Expanded Patriot Act Reach Would Hit The Net, Too
By Charles Farrar
WASHINGTON - A bill approved by Congress last week to extend the reach of the Patriot Act would expand the FBI's business document and transaction power to cyberspace stations like eBay, Internet logs, and Internet service providers, and without requiring a judge's approval.
It's part of the new bill's redefinition of the term "financial institution" and "financial transaction," according to Wired, and allows the FBI to get such records by handing itself a national security letter saying those records are relevant to a terrorism investigation.
"The FBI doesn't need to show probable cause or consult a judge," the magazine said. "What's more, the target institution is issued a gag order and kept from revealing the subpoena's existence to anyone, including the subject of the investigation."
This bill follows a stalled attempt earlier this year by the Justice Department to write and push the so-called "Patriot II" act, but a leak of the draft provoked such an outcry that the department backed away from that proposal, but Wired said the newly passed bill involves one of Patriot II's most controversial aspects.
According to Duke University law professor Chris Schroeder, that shows those who wanted to expand the FBI's powers didn't want to stop despite the hoopla over Patriot II. "They are going to insert these provisions on a stealth basis," Schroeder told Wired. "It's insidious." [Emphasis added. -v]
He has an ally in the Center for Democracy and Technology's executive director, James X. Dempsey. "On its face, it's a cryptic and seemingly innocuous amendment," he told the magazine. "It wasn't until after it passed both houses that we saw it. The FBI andd CIA like to try to graft things like this into intelligence bills."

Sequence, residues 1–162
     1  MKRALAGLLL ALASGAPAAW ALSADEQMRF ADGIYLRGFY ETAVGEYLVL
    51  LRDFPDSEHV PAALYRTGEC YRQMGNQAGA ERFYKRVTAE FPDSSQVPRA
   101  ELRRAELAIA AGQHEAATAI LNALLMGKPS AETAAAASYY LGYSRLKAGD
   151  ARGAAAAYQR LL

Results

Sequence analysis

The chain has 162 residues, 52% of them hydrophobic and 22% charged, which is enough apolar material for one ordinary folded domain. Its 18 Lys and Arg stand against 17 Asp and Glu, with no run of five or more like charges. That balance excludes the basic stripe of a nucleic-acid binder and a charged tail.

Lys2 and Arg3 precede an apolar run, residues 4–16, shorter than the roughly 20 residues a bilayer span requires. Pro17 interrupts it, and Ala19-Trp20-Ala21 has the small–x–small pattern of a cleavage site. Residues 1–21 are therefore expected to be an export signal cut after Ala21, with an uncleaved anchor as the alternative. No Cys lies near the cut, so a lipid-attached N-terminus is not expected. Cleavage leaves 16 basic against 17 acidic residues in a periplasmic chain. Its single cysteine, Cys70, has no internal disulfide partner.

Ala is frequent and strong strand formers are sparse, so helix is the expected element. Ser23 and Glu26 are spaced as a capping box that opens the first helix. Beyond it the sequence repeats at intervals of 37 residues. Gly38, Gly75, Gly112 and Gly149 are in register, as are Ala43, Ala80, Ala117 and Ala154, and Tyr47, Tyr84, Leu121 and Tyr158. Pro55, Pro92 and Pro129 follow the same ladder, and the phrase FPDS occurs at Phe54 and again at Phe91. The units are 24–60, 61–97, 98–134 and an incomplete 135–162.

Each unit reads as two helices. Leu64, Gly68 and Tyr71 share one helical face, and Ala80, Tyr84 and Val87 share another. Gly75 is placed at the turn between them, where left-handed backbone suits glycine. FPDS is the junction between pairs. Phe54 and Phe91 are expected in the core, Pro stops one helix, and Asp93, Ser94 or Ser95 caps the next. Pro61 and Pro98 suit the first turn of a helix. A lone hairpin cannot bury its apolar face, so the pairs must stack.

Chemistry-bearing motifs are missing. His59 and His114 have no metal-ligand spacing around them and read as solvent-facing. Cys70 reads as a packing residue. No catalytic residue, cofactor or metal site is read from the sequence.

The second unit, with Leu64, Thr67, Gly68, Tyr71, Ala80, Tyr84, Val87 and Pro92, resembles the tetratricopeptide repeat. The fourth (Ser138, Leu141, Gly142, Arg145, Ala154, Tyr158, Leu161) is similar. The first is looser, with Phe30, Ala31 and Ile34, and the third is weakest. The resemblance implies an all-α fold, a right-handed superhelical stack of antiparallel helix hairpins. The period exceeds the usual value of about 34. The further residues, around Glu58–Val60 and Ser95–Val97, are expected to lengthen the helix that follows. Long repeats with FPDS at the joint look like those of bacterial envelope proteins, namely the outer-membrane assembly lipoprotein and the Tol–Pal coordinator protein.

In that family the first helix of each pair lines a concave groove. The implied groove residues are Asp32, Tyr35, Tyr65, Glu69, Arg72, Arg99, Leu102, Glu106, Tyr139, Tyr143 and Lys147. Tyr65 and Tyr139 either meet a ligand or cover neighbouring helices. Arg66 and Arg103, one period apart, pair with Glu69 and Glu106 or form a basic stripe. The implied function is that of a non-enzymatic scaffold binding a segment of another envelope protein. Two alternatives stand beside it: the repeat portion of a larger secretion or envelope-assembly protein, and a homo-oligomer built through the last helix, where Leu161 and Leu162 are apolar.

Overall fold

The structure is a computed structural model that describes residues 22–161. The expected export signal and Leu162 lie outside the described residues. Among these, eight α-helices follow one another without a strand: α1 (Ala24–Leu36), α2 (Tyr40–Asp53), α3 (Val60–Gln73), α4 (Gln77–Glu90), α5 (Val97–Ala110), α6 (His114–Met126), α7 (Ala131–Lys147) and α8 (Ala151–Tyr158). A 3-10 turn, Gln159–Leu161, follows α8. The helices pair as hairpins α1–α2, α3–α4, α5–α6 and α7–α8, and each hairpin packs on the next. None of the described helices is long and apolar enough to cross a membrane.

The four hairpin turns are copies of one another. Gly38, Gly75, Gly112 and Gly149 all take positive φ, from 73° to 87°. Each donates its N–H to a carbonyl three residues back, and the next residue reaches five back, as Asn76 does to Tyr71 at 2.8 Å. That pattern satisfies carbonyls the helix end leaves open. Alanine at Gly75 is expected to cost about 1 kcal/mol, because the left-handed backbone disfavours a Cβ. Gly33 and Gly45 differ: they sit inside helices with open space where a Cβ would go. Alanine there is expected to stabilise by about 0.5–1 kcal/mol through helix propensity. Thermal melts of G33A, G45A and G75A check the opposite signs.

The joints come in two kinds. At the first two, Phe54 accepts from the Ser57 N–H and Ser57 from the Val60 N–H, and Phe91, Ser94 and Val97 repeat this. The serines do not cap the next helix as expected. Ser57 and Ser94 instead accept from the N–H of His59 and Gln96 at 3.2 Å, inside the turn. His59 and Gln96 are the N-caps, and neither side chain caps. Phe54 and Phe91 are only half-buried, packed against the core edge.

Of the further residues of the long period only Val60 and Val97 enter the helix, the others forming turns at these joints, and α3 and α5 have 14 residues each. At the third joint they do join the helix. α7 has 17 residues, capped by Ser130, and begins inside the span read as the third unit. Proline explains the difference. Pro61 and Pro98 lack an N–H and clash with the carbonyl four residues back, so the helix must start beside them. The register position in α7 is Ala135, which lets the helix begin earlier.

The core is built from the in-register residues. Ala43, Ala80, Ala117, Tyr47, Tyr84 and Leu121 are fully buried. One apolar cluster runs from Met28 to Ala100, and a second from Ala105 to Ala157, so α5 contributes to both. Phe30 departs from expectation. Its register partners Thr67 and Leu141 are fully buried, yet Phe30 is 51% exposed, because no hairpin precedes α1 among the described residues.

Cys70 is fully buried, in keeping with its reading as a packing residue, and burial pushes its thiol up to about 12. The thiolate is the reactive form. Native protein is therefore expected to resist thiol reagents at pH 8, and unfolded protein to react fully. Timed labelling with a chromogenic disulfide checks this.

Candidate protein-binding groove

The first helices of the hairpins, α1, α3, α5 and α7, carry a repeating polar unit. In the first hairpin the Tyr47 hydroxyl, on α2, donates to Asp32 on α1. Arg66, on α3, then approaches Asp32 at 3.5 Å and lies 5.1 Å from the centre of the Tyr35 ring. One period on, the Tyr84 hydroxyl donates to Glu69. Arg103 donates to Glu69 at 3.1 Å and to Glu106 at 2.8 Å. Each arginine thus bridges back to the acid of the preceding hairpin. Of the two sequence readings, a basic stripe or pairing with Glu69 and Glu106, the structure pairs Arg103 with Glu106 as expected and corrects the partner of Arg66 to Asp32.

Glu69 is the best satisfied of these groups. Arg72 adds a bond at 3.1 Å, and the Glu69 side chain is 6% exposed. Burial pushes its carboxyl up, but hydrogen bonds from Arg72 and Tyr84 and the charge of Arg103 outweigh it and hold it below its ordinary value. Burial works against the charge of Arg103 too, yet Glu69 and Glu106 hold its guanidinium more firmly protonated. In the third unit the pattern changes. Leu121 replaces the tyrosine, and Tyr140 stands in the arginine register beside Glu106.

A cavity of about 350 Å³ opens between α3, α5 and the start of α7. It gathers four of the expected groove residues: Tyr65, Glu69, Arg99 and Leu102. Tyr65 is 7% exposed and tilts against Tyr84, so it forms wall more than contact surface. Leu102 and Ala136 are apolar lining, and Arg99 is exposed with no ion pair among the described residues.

But don't tell those things to House Intelligence Committee chairman Porter Goss (R-Florida), who calls the new definitions of financial institutions and financial transactions bringing them up to date "with the reality of the financial industry. This provision," Goss said in a House floor speech, "will allow those tracking terrorists and spies to 'follow the money' more effectively and thereby protect the people of the United States more effectively."
Protect them from what -- strip clubs? The current issue of Newsweek, which hit the stands Nov. 24, includes a report saying that a little-enough known Patriot Act portion already redefined "money laundering" to the point where the FBI is suspected of using it to investigate anyone it pleases on pretexts having little to do with terrorism investigations. [Emphasis added. -v]
A recent case nicknamed Operation G-String, in fact, found the FBI using the money laundering provision to investigate whether the owner of a Las Vegas adult club was trying to bribe top city officials. They used it to look at all the financial records of those officials, Newsweek said. And that isn't all, potentially.
"Treasury Department figures show that this year the Feds have used the Patriot Act to conduct searches on 962 suspects, yielding ‘hits’ on 6,397 financial records," the magazine said announcing the Nov. 24 issue. "Of those, two thirds (4,261) were in money-laundering cases with no terror connection. Among the agencies making requests, Newsweek has learned, were the IRS (which investigates tax fraud), the Postal Service (postal fraud) and the Secret Service (counterfeiting). One request came from the Agriculture Department -- a case that apparently involved food stamp fraud." [Emphasis added -v]
Source of reports on mis-use of new laws
Related article: "Are You A Patriot?" by John Kaminski